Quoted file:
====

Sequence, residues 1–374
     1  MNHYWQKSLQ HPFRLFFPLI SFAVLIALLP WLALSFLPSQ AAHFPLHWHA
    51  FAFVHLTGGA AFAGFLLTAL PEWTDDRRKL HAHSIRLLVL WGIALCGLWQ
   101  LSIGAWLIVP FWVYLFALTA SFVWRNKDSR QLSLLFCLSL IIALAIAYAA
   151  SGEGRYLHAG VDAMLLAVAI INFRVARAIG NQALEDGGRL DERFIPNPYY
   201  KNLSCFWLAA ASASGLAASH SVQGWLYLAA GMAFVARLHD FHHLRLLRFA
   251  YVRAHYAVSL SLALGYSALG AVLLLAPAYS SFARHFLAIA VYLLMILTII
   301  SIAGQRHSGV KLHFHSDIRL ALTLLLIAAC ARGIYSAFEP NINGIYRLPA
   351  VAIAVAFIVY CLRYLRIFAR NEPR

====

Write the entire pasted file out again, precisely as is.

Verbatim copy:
Sequence, residues 1–374
     1  MNHYWQKSLQ HPFRLFFPLI SFAVLIALLP WLALSFLPSQ AAHFPLHWHA
    51  FAFVHLTGGA AFAGFLLTAL PEWTDDRRKL HAHSIRLLVL WGIALCGLWQ
   101  LSIGAWLIVP FWVYLFALTA SFVWRNKDSR QLSLLFCLSL IIALAIAYAA
   151  SGEGRYLHAG VDAMLLAVAI INFRVARAIG NQALEDGGRL DERFIPNPYY
   201  KNLSCFWLAA ASASGLAASH SVQGWLYLAA GMAFVARLHD FHHLRLLRFA
   251  YVRAHYAVSL SLALGYSALG AVLLLAPAYS SFARHFLAIA VYLLMILTII
   301  SIAGQRHSGV KLHFHSDIRL ALTLLLIAAC ARGIYSAFEP NINGIYRLPA
   351  VAIAVAFIVY CLRYLRIFAR NEPR